The blurb is as overwritten as the play. I heard and, in replaying the play in my mind, found no wit. The jokes – such as a play on sweater as a man sweating and as a piece of clothing – are presumably deliberately unfunny. The inquiry into the sex trade lacked depth. The pasty middle-aged business man from a western country and the pretend prostitute alternate in their roles as purveyors of power never really develop a relationship between them. There is no magic. There is no intimacy. Only endless talk. Talk, which instead of integrating poetry and everyday language, stretches credulity when the management efficiency expert and solicitor of the sexual favours speaks. The play never touches our taboos though it professes to do so – and never probes even our shallowest fears – such as being caught in a socially compromising situation – let alone any deep ones.  Any “essential” questions connected with sexual tourism are not only lost in the litter of rationalizations and counter-attacks, they never go anywhere near what is either unthought or unvoiced. The play never challenges who we are as we sit in the theatre wishing that either the pretend prostitute or the affable but befuddled john would finally get up the gumption to just shut up and leave. Certainly, there is not a single moral question about sexual tourism that is explored as the play wanders sideways into anaphylactic shocks and psychological discoveries and confessions. Though valiantly and often subtly performed by both Derek Boyes as the man and Mirian Fernandes as the girl – they are the two best elements in the production – they were unable to save the play from the endless blather. 


Shields has been quoted as describing the play as follows: “I initially started writing this play because I was incensed at the rise in child sex tourism in developing countries. As I began to write, I realized that what I wanted to talk about was the power dynamics between young and old, rich and poor, male and female. Soliciting Temptation is about child sex tourism, but it is also a play about entrapment and desperate longing, about sexual suppression and sexual awakening, about the desire to expose and be exposed.” Unfortunately, the multiplicity of alsos never get sorted out or integrated but are merely attached to one another as a series of vignettes.


I wanted to learn why the play was such a botch-up. I found that Shields had a blog though I only found one opening entry – possibly because of my own incapacity than the absence of any future entries. Shields started out by writing about her suspicions about blogging: “The concept of blogging has never appealed to me. It has always appeared to me to be some sort of self-aggrandizing confessional; a forum in which people broadcast their mundane, often pedestrian and rambling thoughts; a place for personal obsessions and anecdotes about children, cooking, travelling or dating rituals; an editorial seeking a global audience to satiate the ego of a single individual; a place in which written form matters as much as thoughtful content – not at all and for that matter, let’s not worry about spelling or punctuation or formal conventions of the written language but more than that, more than all that, it seemed to be a format that was incredibly personal and if I’m to be completely honest, I don’t care that much about the personal lives of strangers. Or their obsessions. Or the obsessions of their pets. I don’t want to read other peoples’ diaries. And, more to the point, I have no desire to share my own.”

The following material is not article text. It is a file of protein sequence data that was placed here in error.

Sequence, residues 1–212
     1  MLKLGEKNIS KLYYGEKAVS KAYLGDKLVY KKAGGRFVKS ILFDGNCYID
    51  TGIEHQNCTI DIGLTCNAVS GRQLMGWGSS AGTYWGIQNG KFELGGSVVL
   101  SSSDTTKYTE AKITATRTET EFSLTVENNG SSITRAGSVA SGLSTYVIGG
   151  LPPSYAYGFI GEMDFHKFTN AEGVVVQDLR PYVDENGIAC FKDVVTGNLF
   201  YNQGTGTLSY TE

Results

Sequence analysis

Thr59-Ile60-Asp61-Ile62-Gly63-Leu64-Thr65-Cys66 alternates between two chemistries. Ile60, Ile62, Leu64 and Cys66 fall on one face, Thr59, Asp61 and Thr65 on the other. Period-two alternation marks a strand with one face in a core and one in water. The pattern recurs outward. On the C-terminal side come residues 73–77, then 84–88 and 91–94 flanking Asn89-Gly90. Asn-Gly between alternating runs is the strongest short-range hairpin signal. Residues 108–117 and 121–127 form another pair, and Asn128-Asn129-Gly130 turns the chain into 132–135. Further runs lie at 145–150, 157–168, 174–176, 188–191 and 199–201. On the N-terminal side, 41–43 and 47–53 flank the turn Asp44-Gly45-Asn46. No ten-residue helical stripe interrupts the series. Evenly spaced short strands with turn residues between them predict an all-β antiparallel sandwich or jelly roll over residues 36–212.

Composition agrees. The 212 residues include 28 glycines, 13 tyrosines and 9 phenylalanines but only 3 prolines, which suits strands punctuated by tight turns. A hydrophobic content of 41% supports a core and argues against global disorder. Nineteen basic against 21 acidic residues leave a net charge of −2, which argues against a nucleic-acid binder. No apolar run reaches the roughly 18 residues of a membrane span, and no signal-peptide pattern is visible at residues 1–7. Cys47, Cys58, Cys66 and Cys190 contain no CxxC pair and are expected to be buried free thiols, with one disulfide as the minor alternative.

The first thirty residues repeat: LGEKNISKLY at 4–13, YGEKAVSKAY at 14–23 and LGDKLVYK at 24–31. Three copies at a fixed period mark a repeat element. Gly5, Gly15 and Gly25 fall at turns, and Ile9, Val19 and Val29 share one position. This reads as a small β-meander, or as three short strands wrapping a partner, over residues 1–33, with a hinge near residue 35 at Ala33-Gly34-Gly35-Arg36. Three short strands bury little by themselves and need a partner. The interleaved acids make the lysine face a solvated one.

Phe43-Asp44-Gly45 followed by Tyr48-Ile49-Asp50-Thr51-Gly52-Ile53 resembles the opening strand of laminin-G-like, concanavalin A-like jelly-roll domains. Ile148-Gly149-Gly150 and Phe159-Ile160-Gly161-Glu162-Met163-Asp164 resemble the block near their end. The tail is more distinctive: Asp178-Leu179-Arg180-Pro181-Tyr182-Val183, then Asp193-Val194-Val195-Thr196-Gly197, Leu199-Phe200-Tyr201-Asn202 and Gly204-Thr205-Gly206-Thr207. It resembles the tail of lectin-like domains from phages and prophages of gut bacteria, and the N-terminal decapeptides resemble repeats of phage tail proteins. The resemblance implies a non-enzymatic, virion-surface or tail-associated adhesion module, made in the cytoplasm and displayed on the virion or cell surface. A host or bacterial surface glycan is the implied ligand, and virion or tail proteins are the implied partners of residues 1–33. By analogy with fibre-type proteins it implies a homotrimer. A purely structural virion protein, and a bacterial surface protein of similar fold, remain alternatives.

Though Shields goes on to correct that initial impression to learn that, “blogs are as diverse as the people who write them in both content and form” she has already revealed that she doesn’t much “care that much about the personal lives of strangers”. Nor does she really want to share her deepest fears and desires. Perhaps that is the core problem. She has learned the art of acting and playwriting as a trickster and a fixter rather than as an explorer of the depths of the human soul. Even though she expresses the desire for “form and content that stretch my imagination, my own facility with language and ideas…stories that transport me to other places, take me into the lives of people I don’t know in neighbourhoods in my own city or countries I’ve never been to…to think and feel and have my own assumptions about the world affirmed by some stories and challenged by others, [to] want a transformative experience,” her opposite tendency to be disinterested in the lives of strangers or even an in-depth exploration of her own deepest thoughts and passions may be at the root of this failure as a piece of drama.


On the other hand, I cannot blame her. She has a new child and the magic of a newborn is magic enough. The stage just cannot compete. 


Leave a Reply

Fill in your details below or click an icon to log in: Logo

You are commenting using your account. Log Out /  Change )

Twitter picture

You are commenting using your Twitter account. Log Out /  Change )

Facebook photo

You are commenting using your Facebook account. Log Out /  Change )

Connecting to %s